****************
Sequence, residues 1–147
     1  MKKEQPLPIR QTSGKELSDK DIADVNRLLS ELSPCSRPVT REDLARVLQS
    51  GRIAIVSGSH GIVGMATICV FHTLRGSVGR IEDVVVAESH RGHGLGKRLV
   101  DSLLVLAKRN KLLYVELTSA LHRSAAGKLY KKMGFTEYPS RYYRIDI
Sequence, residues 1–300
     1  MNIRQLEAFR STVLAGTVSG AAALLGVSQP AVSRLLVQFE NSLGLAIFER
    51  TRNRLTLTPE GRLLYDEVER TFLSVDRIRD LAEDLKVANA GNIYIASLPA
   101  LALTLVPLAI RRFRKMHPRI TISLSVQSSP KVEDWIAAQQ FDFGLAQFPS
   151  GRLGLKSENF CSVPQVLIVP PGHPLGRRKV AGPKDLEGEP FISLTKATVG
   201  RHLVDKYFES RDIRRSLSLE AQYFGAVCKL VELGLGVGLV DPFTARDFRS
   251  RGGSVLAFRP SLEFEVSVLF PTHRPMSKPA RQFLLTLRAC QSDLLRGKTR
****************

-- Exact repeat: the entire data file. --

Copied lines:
Sequence, residues 1–147
     1  MKKEQPLPIR QTSGKELSDK DIADVNRLLS ELSPCSRPVT REDLARVLQS
    51  GRIAIVSGSH GIVGMATICV FHTLRGSVGR IEDVVVAESH RGHGLGKRLV
   101  DSLLVLAKRN KLLYVELTSA LHRSAAGKLY KKMGFTEYPS RYYRIDI
Sequence, residues 1–300
     1  MNIRQLEAFR STVLAGTVSG AAALLGVSQP AVSRLLVQFE NSLGLAIFER
    51  TRNRLTLTPE GRLLYDEVER TFLSVDRIRD LAEDLKVANA GNIYIASLPA
   101  LALTLVPLAI RRFRKMHPRI TISLSVQSSP KVEDWIAAQQ FDFGLAQFPS
   151  GRLGLKSENF CSVPQVLIVP PGHPLGRRKV AGPKDLEGEP FISLTKATVG
   201  RHLVDKYFES RDIRRSLSLE AQYFGAVCKL VELGLGVGLV DPFTARDFRS
   251  RGGSVLAFRP SLEFEVSVLF PTHRPMSKPA RQFLLTLRAC QSDLLRGKTR